Syn.—Bean of St. Ignatius; Strychnos Ignatii.
N. H.—India, Philippine Islands.
Properties: Tonic and stimulant to vascular and nervous system.
Physiological action: As the most active principle of this drug is strychnine its physiological action is similar to nux vomica and, therefore, the reader is referred to physiological action of nux vomica for ignatia amara.
Indications: In hysteria, dragging pains in the pelvis, colicky uterine pains, burning in soles of feet, sexual apathy, dysmenorrhea and amenorrhea, continued coldness of legs and feet in women during the change of life. Chorea, the result of fright; twitching of the eyelids, headache, gloomy forebodings or sleeplessness, the result of general nervous weakness. In some cases of nervous debility.
Use: Although ignatia amara is prescribed in similar conditions to nux vomica it appears to be better adapted to females. It is not as powerful as nux vomica but should be used with the same care. Although one indication for this drug is twitching of the eyelids, it must be understood that it is only in such conditions where stimulation is in place; furthermore if this drug is taken and produces twitching of the eyelids is should be discontinued as that is one of its physiological effects. This also applies to nux vomica. Ignatia amara has a direct action on the spine and to a less degree on the cerebrum. Is of special value in hysterical women, with general nervous weakness and depression brought on by long continued uterine disorders. A good remedy in nervous dyspepsia. Best results are obtained by using small doses.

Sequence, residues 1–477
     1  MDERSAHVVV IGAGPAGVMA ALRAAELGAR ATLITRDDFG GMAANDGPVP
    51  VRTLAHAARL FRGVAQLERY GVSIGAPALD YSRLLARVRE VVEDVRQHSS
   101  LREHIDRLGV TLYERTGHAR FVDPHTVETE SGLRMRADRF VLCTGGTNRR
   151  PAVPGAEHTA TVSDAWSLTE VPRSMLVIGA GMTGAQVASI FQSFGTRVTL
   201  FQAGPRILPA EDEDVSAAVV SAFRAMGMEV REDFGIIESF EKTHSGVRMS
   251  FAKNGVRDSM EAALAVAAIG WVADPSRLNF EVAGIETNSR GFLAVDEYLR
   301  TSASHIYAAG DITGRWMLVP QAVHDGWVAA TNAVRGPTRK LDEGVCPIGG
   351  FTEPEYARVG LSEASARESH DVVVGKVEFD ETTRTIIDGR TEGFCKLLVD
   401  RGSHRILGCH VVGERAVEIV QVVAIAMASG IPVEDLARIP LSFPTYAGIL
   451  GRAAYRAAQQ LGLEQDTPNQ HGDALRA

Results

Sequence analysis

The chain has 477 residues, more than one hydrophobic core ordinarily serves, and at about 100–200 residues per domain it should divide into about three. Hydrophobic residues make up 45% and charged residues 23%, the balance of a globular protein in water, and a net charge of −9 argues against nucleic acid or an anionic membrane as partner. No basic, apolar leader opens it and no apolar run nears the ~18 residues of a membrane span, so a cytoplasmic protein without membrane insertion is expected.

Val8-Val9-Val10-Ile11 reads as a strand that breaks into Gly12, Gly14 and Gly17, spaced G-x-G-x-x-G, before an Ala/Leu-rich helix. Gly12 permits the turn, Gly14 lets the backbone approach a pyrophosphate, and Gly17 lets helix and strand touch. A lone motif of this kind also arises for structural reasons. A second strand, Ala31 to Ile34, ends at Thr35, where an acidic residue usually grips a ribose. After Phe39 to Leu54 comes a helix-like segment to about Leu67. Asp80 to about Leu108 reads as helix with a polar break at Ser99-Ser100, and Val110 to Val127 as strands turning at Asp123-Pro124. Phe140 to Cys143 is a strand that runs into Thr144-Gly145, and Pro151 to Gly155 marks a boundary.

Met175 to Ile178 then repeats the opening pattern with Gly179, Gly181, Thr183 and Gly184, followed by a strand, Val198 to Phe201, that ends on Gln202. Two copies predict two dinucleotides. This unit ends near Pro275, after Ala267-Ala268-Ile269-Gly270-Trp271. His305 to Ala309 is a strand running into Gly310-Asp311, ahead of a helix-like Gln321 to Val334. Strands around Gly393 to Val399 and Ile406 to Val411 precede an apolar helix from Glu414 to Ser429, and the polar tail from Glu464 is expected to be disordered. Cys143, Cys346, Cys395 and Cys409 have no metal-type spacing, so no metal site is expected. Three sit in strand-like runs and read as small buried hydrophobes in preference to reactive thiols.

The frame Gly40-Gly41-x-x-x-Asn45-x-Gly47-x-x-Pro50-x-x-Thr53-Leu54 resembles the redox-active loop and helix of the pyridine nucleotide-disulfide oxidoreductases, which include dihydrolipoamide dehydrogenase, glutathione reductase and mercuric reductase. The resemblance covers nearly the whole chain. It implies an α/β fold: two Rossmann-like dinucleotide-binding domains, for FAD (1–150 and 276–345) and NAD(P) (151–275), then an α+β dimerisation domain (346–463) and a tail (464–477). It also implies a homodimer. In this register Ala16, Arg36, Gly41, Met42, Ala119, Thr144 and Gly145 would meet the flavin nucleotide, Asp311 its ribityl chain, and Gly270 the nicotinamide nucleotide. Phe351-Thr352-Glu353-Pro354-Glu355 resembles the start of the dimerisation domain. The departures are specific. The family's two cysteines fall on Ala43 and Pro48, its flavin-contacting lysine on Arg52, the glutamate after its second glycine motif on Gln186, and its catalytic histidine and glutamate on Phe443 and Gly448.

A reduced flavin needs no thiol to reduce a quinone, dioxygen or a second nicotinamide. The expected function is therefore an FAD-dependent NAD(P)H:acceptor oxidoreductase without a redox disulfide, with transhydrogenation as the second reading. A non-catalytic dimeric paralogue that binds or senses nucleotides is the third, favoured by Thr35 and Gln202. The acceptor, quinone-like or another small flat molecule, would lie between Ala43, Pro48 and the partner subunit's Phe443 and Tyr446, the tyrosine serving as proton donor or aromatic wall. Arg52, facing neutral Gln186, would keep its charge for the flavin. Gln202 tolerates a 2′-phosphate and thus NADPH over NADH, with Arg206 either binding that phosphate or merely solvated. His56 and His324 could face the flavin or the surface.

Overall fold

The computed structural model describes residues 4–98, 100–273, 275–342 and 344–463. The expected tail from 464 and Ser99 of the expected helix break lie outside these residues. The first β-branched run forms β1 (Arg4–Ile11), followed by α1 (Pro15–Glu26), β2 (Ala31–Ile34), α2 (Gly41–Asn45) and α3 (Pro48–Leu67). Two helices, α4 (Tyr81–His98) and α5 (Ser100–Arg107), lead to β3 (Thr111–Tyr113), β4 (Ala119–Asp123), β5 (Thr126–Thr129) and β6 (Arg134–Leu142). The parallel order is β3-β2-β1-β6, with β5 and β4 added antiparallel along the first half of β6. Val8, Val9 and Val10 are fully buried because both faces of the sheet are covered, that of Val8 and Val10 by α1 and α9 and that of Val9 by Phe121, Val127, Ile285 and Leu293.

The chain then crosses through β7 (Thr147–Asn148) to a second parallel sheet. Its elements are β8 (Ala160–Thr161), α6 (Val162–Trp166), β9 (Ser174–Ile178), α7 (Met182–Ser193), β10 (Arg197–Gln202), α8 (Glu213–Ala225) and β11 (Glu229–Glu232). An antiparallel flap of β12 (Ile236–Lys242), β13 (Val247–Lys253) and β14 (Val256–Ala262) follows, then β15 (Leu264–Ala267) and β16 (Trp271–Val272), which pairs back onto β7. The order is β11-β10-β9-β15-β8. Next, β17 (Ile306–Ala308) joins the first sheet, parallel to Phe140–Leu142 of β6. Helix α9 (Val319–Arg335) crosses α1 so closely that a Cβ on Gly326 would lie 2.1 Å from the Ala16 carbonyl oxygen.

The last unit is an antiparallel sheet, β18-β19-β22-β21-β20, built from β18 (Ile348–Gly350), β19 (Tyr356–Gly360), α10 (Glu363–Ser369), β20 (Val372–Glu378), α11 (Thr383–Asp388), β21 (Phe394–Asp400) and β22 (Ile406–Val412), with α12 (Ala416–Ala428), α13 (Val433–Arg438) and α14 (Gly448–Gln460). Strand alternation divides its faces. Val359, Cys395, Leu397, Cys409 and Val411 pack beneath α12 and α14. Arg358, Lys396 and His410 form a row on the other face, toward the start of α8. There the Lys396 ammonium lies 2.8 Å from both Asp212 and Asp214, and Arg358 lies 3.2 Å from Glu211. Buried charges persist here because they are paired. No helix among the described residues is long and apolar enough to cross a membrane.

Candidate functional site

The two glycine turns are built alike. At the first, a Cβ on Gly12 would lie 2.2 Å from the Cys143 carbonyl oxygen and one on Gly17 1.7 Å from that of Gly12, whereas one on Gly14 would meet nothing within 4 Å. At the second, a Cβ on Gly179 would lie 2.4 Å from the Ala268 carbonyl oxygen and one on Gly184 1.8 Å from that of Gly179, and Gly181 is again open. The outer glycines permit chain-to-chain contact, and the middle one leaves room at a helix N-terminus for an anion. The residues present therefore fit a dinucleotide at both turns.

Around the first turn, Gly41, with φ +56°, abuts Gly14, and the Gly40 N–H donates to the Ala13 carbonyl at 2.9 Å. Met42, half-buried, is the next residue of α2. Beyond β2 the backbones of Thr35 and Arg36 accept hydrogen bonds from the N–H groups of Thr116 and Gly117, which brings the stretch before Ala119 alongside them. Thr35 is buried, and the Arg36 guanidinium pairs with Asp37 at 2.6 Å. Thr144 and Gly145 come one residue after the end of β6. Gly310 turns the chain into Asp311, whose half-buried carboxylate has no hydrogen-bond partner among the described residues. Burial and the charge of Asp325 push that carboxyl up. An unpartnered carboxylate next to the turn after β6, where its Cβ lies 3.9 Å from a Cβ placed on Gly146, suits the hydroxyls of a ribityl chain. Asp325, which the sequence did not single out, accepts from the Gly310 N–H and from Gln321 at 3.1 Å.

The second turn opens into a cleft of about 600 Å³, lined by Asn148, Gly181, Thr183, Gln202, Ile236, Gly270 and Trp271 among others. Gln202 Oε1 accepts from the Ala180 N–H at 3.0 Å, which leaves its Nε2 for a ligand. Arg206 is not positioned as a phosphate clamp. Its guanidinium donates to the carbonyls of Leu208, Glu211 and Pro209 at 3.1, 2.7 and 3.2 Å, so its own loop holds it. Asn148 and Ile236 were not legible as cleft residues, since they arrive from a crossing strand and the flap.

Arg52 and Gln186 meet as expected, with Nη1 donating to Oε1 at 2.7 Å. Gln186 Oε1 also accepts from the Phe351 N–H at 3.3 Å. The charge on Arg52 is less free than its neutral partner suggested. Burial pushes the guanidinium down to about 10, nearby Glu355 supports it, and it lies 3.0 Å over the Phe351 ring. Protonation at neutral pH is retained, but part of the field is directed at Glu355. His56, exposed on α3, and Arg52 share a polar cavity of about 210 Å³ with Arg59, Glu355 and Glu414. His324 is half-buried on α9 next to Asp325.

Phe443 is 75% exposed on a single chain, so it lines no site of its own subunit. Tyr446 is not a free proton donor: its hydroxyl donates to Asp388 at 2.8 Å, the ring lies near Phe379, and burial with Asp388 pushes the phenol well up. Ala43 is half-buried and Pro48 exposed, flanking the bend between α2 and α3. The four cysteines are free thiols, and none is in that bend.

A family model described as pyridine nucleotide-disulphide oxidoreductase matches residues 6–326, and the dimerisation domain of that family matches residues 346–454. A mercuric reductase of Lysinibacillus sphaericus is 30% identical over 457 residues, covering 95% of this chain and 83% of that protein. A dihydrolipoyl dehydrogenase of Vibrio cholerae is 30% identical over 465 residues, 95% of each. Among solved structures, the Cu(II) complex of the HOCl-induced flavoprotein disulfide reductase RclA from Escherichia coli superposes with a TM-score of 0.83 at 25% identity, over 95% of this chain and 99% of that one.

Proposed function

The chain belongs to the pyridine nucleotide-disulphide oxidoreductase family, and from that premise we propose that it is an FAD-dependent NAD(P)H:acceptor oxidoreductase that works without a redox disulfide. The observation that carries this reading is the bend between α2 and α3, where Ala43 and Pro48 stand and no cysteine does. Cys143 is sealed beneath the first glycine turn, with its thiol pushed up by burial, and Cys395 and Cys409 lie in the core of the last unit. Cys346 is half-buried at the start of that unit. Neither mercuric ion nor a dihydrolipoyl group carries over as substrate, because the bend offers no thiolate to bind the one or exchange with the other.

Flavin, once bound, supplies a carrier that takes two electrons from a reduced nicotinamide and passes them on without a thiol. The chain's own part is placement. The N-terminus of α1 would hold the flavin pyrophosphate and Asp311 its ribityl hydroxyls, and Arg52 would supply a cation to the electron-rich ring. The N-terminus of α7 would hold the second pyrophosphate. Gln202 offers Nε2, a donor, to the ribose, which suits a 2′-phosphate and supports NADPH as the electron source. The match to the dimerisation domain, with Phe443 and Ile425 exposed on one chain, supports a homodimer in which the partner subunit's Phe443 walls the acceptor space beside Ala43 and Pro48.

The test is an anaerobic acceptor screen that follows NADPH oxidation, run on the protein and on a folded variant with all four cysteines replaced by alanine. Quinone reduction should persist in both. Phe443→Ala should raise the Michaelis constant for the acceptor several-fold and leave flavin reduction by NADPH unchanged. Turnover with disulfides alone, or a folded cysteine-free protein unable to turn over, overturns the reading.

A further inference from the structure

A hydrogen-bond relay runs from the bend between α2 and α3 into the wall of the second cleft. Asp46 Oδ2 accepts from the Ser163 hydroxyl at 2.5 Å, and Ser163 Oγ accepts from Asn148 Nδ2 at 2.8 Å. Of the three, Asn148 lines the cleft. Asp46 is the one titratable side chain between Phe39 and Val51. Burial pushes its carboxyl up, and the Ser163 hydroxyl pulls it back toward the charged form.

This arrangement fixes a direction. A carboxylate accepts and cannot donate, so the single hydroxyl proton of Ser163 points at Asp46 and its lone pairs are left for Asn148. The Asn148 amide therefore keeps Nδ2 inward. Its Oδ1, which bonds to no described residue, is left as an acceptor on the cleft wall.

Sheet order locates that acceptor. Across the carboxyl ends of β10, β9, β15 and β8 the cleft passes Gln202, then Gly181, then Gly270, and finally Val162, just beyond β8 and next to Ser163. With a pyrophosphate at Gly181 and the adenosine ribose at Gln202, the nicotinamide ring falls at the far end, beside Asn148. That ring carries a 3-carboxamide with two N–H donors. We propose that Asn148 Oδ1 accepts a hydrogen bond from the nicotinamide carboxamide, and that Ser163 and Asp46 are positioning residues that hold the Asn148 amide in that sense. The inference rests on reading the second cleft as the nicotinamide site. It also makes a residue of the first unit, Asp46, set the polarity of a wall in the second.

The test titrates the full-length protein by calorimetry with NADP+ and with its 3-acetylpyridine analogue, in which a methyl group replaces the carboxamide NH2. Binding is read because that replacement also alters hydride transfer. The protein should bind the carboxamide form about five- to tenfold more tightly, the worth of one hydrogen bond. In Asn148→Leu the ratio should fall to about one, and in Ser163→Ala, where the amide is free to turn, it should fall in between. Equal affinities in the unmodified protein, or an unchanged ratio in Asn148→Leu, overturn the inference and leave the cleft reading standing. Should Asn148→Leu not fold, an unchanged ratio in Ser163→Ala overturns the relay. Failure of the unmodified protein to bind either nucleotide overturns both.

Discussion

The Materia Medica and Clinical Therapeutics, 1905, was written by Fred J. Petersen, M.D.